President Donald Trump had stunningly good jobs data to talk about on Friday. Instead of rising, as expected, the US unemployment rate surprisingly fell to 13.3% in May, as the economy gained 2.5 million jobs.

It was the largest monthly gain in new jobs since the Bureau of Labor Statistics started tracking the data series in 1939.

While Trump did accurately tout these numbers, he also made his usual assortment of lies and exaggerations — delivering a rambling Rose Garden monologue in which he misled Americans about a variety of subjects on which he has been regularly dishonest.

No, Trump wasn’t the one who got the Veterans Choice program created. No, Trump wasn’t left empty ventilator shelves. No, Trump didn’t completely ban travel from China or Europe. No, China isn’t paying for Trump’s tariffs. No, Wuhan wasn’t the only part of China affected by the virus. No, this isn’t the first time the US has lost so many people in a pandemic.

And no, Trump certainly hasn’t done more for black Americans than any other person in the country’s history.

Here is a fact check roundup of Trump’s claims during a supposed “news conference” in which he did not take questions.

Equating the jobs number to racial healing

Trump invoked Floyd’s memory to tout the jobs report, which showed a drop in overall unemployment but also highlighted lingering racial disparities in the US economy.

“Hopefully, George is looking down right now and saying, ‘There’s a great thing that’s happening for our country,'” Trump said on Friday. “There’s a great day for him. It’s a great day for everybody. There’s a great day for everybody. This is a great, great day in terms of equality.”

Trump later suggested his work on the economy was the centerpiece of his efforts to address racial inequality, though he didn’t offer specifics about how he’d rein in abuses by law enforcement, which is the key issue fueling peaceful protests and violent unrest across the nation.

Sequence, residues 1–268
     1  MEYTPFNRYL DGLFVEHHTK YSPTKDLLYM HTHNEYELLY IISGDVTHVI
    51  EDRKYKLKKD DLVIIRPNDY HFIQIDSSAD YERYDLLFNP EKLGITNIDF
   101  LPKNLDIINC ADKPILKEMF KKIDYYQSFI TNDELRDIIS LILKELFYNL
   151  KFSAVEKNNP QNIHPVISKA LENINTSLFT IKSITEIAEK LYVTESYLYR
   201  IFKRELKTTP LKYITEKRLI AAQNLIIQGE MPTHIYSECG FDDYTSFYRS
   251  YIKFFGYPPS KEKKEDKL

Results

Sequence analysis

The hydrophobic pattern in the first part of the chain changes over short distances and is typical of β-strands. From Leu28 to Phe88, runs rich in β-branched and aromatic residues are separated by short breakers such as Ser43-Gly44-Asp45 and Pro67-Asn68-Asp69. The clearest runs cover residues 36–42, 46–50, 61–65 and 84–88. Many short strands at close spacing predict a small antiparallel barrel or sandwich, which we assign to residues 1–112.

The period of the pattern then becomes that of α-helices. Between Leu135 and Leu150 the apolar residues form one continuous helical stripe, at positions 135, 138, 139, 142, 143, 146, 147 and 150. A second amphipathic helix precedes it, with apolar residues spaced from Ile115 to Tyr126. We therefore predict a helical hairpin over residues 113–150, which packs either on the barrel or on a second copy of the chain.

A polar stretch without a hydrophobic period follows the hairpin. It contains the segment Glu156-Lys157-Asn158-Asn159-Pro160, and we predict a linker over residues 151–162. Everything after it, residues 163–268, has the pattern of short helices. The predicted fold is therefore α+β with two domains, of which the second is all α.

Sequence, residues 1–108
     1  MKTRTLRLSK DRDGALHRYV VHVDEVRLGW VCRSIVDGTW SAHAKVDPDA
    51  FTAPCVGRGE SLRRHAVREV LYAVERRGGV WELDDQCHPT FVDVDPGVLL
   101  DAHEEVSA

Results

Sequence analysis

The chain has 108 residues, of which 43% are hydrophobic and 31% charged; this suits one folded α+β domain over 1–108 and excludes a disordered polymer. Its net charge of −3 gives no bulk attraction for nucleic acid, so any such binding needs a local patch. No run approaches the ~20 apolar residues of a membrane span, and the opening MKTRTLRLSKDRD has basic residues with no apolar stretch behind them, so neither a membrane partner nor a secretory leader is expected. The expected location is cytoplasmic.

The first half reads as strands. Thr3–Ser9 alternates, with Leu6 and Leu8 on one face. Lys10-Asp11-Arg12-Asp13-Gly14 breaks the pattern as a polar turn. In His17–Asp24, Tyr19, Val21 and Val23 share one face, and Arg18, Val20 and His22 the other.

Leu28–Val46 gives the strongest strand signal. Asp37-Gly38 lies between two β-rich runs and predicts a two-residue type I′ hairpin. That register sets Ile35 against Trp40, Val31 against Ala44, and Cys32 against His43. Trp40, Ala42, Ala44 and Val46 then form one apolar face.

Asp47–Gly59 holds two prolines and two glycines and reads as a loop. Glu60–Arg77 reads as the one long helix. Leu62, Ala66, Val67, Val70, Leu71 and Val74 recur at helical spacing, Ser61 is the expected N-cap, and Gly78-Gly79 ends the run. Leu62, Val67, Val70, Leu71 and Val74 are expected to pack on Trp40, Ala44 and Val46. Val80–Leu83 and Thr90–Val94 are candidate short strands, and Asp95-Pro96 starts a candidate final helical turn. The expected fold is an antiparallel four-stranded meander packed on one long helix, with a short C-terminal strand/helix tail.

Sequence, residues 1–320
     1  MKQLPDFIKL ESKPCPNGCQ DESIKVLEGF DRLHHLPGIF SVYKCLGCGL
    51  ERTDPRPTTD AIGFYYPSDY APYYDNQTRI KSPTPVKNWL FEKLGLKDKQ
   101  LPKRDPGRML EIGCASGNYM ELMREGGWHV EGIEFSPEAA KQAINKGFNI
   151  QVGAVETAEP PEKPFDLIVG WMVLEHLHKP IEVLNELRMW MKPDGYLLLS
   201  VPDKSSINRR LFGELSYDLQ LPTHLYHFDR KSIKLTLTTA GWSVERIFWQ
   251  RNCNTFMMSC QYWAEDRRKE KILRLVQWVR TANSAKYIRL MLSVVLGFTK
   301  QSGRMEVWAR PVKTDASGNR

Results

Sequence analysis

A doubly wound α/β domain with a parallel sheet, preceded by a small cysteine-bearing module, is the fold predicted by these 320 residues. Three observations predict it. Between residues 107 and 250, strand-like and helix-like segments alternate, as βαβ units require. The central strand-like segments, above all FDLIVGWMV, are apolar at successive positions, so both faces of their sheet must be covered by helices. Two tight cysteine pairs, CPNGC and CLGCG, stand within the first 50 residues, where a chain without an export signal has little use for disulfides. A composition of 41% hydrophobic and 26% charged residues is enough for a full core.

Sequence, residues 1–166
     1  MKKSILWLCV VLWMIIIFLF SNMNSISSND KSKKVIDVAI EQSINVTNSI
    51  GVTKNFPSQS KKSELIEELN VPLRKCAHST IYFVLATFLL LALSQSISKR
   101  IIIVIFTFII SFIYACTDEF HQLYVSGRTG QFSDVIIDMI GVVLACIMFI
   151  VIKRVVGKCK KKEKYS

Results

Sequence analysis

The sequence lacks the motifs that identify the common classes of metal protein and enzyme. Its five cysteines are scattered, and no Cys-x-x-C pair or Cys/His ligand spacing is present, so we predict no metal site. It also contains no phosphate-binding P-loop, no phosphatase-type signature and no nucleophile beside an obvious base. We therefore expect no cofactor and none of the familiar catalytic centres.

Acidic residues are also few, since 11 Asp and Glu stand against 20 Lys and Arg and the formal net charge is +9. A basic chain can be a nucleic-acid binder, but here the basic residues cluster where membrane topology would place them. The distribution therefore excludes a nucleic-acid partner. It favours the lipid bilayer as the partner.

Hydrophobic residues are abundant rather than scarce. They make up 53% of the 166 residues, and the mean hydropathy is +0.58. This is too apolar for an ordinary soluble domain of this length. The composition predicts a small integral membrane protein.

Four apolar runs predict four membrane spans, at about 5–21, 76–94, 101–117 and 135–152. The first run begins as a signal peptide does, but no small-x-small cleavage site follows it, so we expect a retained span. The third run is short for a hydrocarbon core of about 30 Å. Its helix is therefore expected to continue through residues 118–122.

Facts First: Trump’s comment about “equality” is out of sync with reality — the jobs report says white unemployment dropped, but black unemployment ticked up slightly, and was already at a disproportionately high level. As for Trump’s comments regarding Floyd having a “great day,” activists and pundits have already begun weighing in on the wisdom and propriety of that comment. Floyd died on May 25, killed in police custody in what has been ruled a homicide.

Trump’s victory lap came after the Bureau of Labor Statistics announced that 2.5 million jobs were created in May, clawing back some of the 20.7 million jobs that were lost in April. But the job gains weren’t spread proportionately across races. While the white unemployment rate fell from 14.2% to 12.4%, unemployment among blacks essentially remained steady at 16.8%.

About the jobs figures, CNN political correspondent Abby Phillip pointed out on Twitter, “The trend continues: black Americans are the first to lose their jobs and the last to regain them.” CNN Business analyzed the data, which shows that white and Hispanic Americans are starting to feel the recovery, while many African Americans are joining the labor force but not getting hired.

Friends have said Floyd was one of the millions of black Americans whose livelihood was hurt by the coronavirus pandemic. According to the Associated Press, he lost his job as a bouncer at a Minneapolis restaurant and nightclub after the state’s stay-at-home orders forced the establishment to temporarily close.

Later during his Rose Garden appearance, Trump  shushed a black reporter  who asked why he hasn’t rolled out a plan to deal with systemic racism in America. “You are something,” Trump retorted, adding to the string of fights he has had with PBS reporter Yamiche Alcindor.

Trump insisted that his efforts on the economy would improve race relations, and that African Americans would benefit from the law he signed Friday to ease limits on federal small business loans. He ignored questions about what he would do specifically to address systemic racism.